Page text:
Many years and over 100 internationally distributed publications later, my colleagues still tease me about that first one. It is a friendly tease but it is a reminder to me that one must not shoot off one’s mouth without consideration, one must not write off-the-cuff. In my critiquing your submission, I was trying to help you so in thirty years or so, you would not feel the same way.

I am sure there will be people out there who would tease you on you putting Muhammad Sham al din Hafez several thousand years before Muhammad the prophet (who was obviously the namesake of the former mentioned). I was not trying to tease you, I was trying to teach you a lesson.

As an old man (or at least rapidly aging, if not out-right old J ) and a professor who teaches this sort of stuff, I was just trying to help. I used humor to wake you up a bit and mild critique to shake you up a bit. I have found that these techniques work very well on my students, so I used them on you. I do the same with my son who is a student of journalism and political science. I took you as my e-son (internet son).

Unfortunately your response indicates that you have not taken my comments in the spirit provided. You have taken offence. No problem, but none was intended (tease yes, mild agitation, yes, offence, no). This may be a consequence of any number of potential things such as your youth, your inexperience or simply a quirk of your psyche.

All I am saying is that I beg you, do not embarrass yourself by sending postings and articles that give you -as the author- and us as a community, a bad name. Also please read the writings of others with the care that they deserve. Do not misinterpret or misrepresent them and their statements. And, do not waste other peoples’ time by providing a response to a statement that has nothing or very little to do with the contents of the original statement.

Finally, and  most importantly, take criticism, particularly positive criticism in stride. I guess many of us need to learn that. As a nation we tend to be offended too quickly and interpret critique as assault. When someone spends time critiquing you, he/she is not trying to hurt you or embarrass you, he /she is trying to help. If you deserve critique, chances are you have already embarrassed yourself, the critique is designed to prevent future occurrences of the same kind of behavior.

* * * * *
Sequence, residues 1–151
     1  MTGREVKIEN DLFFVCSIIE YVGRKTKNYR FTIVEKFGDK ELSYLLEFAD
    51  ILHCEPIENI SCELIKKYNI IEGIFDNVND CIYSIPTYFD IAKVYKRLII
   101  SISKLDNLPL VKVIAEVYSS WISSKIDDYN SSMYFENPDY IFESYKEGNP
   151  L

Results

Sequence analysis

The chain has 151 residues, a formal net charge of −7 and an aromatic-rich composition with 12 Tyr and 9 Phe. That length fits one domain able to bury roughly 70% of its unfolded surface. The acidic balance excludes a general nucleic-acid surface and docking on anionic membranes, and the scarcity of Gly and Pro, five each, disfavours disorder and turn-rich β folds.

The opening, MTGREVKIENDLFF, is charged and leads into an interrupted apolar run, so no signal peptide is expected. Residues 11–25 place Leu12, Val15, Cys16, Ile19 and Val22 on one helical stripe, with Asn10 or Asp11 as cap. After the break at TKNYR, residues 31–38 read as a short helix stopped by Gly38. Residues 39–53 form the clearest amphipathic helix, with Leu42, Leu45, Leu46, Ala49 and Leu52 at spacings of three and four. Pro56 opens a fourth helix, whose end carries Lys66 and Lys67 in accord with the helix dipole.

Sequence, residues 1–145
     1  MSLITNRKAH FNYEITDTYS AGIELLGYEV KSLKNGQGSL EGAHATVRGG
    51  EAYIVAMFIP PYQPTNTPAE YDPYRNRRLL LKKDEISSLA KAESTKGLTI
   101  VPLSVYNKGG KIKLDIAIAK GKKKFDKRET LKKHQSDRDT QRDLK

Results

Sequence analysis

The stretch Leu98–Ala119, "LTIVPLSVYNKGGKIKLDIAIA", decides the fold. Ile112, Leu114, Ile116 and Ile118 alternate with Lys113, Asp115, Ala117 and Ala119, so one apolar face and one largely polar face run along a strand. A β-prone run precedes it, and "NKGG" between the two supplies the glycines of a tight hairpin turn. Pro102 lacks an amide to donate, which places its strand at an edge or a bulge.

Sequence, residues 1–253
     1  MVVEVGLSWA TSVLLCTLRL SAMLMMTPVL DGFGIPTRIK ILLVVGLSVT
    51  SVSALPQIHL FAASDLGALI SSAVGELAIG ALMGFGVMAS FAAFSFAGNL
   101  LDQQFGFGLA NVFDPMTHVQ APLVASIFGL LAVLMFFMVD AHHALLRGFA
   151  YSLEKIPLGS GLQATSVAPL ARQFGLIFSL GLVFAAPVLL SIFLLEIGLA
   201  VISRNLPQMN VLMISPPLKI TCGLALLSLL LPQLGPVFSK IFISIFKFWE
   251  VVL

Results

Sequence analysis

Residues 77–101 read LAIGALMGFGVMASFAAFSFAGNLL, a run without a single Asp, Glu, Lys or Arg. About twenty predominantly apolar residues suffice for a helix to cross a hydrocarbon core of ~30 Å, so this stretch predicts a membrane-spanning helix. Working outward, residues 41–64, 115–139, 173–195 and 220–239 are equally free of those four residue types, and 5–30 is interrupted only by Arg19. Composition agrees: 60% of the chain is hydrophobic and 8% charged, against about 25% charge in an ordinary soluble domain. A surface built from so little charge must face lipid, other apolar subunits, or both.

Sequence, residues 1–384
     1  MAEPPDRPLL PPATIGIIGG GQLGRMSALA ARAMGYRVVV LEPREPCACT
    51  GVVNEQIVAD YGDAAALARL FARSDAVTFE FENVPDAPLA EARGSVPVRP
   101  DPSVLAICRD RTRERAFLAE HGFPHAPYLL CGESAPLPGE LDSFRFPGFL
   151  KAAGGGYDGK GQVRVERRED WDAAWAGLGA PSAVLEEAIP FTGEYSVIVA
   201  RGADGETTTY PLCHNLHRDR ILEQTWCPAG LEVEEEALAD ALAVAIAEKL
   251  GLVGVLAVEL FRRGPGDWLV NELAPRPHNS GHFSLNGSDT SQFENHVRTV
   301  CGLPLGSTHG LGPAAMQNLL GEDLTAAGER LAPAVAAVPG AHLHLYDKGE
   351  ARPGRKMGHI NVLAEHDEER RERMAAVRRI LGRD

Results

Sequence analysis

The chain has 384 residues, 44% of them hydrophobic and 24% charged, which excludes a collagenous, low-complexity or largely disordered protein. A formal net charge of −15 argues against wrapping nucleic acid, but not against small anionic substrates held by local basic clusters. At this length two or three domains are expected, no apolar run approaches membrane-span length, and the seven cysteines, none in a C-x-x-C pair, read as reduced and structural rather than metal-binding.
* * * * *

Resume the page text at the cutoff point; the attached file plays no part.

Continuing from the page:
My regards and respect to you with wishes for a better writing future.

Cheers,

Houman Younessi

P.S.: I was not mocking the six year old with the grenade attached to his waist. In delivering my point home, I was using humor to mildly tease YOU! It is a teaching technique. The entire story is a sad one, and not unique. I restate my original statement – with which you incidentally disagreed – that there are many people IN IRAN that stand in front of tanks and machine guns, go to jail and fight tyranny and corruption. Some are six years old.

I said that I was proud of these people, you disagreed. Now you say that I should be proud of the six year old because he killed himself for me. This is what I do not understand about your writing. These two statements of yours are contradictory and irreconcilable. Irreconcilable contradictory statements make a writing illogical and therefore weak. This is the sort of thing about which I am critiquing you.

To go further, I must say that heroic and impressive as the actions of this young boy have been (and regretfully there have been many others), such actions should be entirely unnecessary. Why should anyone of any age attach grenades to their waists and lay waste a tank occupied by some other perfectly healthy young members of the human race? This is a consequence of war, and war is a consequence of nationalism and nationalism is a consequence of fervent national pride. And national pride is what your article was promoting (or at least lamenting the lack of cause for, in recent years). Turn to humanism, to humanity, so that six year olds no longer need to attach grenades to their waists...

Houman Younessi